Up in Smoke
JIMMY HEBSHIE, 65, grew up in Brockton, the City of Champions, where he was a close friend of Peter Marciano, brother of boxing legend Rocky Marciano. Hebshie never boxed himself, but looks like he could have. He is heavyset and solid-looking, with a pug nose and a receding white hairline. After a car accident in high school that broke 33 bones, however, his health has never been the same. When he pulls up the sleeve of his black cotton jacket, you can see the wrinkled groove from when doctors removed a muscle in his lower arm. Over the years, he’s had degenerative arthritis in his back, a triple heart bypass, and a complete left hip replacement. In prison he developed cellulitis, a painful infection of the skin tissue that caused his legs to swell and prevented him from walking. “I’d be in so much pain sometimes I couldn’t even get out of bed,” he says.
Hebshie may have been convicted at trial, but his family never lost faith in his innocence. “Between my husband and sisters, we tried to figure out what direction to go in now,” his sister Judy Foley recalls of the time after the conviction. “What do we do to right this wrong?” Hebshie’s lawyers, the father-son team of John T. Spinale and John S. Spinale, withdrew from the case shortly after the trial. With the clock ticking on the time allowed for appeal, a fellow inmate gave Hebshie the name of appellate lawyer Jeanne Kempthorne, who agreed to take the case.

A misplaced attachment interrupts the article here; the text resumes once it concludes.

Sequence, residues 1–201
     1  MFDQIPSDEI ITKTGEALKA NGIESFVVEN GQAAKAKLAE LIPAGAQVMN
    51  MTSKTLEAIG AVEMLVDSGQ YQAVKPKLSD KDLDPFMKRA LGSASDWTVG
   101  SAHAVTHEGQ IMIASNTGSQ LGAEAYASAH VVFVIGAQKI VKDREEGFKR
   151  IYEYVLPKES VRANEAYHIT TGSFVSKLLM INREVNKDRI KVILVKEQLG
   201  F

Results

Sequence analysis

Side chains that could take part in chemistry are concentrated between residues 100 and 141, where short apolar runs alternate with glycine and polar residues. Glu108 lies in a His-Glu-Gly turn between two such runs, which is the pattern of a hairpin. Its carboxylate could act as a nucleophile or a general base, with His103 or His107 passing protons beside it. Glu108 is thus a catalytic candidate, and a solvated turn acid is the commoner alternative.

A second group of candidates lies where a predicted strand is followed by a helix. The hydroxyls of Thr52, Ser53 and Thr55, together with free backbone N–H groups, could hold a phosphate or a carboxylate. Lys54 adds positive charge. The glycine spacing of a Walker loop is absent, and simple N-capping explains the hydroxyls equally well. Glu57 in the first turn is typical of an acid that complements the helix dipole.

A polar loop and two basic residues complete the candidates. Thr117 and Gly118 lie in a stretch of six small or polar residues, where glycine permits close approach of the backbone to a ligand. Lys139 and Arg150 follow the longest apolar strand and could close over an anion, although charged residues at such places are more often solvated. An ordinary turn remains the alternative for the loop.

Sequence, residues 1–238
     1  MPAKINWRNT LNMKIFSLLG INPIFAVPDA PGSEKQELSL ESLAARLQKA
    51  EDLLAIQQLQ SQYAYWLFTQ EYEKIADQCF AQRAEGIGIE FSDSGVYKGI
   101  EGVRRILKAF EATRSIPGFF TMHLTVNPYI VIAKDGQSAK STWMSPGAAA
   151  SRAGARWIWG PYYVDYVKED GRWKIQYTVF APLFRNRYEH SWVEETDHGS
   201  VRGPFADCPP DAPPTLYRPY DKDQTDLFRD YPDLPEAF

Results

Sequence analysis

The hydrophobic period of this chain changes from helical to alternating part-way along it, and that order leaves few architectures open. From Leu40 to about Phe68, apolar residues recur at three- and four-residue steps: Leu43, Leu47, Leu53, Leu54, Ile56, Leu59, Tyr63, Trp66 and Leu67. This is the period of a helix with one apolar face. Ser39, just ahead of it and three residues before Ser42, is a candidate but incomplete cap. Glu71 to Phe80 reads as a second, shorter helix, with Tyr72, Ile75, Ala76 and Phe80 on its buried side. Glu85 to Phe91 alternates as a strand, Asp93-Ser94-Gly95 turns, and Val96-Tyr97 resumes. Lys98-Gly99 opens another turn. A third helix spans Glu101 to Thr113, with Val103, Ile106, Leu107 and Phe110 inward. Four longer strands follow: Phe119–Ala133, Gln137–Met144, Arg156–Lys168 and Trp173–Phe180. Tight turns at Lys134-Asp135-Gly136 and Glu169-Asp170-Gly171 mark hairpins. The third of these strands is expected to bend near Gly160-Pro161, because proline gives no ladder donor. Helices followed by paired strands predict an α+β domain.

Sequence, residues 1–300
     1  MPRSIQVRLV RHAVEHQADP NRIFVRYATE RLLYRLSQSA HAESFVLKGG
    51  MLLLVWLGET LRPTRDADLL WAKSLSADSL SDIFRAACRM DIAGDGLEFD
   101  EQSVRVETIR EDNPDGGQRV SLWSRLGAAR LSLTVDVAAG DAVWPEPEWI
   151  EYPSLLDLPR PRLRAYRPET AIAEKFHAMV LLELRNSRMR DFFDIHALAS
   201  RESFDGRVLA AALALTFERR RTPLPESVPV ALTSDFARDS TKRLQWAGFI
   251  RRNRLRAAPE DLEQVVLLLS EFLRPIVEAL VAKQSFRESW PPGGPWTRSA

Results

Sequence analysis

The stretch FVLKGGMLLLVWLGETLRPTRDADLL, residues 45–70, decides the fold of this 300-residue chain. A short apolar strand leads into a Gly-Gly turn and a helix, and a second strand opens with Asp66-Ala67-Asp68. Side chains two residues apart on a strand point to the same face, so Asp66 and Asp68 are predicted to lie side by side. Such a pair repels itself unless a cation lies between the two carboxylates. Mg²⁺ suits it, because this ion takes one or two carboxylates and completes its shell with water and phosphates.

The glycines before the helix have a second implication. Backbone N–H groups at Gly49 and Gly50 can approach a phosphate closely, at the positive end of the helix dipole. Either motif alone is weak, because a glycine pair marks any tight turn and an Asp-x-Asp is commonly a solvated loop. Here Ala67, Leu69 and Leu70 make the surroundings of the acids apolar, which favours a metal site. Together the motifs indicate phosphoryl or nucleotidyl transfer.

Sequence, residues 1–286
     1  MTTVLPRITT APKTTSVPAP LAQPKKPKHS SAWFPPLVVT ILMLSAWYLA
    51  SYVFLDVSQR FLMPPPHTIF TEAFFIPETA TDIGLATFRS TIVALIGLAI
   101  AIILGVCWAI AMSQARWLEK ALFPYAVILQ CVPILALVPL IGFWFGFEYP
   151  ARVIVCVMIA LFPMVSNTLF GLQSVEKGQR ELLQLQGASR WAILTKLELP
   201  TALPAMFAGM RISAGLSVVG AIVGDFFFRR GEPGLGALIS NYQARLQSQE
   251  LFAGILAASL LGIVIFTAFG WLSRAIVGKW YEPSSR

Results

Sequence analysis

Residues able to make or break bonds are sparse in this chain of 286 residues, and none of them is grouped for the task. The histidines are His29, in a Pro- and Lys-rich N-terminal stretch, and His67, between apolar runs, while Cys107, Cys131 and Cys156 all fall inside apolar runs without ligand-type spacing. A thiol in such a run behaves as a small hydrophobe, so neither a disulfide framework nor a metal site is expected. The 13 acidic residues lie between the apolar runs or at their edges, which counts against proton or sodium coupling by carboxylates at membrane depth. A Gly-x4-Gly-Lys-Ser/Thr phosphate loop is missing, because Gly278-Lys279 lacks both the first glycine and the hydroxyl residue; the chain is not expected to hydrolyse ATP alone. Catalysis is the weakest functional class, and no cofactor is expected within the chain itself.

Kempthorne met with Foley in the parking lot of a fruit stand on Route 2 and left with boxes of legal papers and an awkward foam-core model of the store. As the lawyer started reading the trial transcript, she grew troubled, especially by the fact that Hebshie’s lawyers hadn’t challenged the obviously questionable value of the testimony from the K-9 officer, who’d said he knew the “personality” of Billy the accelerant-sniffing dog, and could “read her face” and “the way her eyes shifted.” The failure to challenge that evidence was especially troubling because Judge Gertner had three times asked Hebshie’s lawyers whether they planned to.
Kempthorne wasn’t able to bring up those issues in her appeals request, however, because at that point, the main question is whether the law was properly applied. The court ultimately found that though mistakes had been made in the original trial — including some by the judge — they weren’t enough to overturn the case. After a process that dragged on for a year and a half, the appeal was denied.
Kempthorne next brought a federal habeas corpus petition to request a new trial. Searching the Web for an arson expert, she came upon the work John Lentini was doing to reform the way fires are investigated. She’d hoped Lentini could simply corroborate her feelings about the dog evidence, but that was the least of the problems with the government’s story, he told her.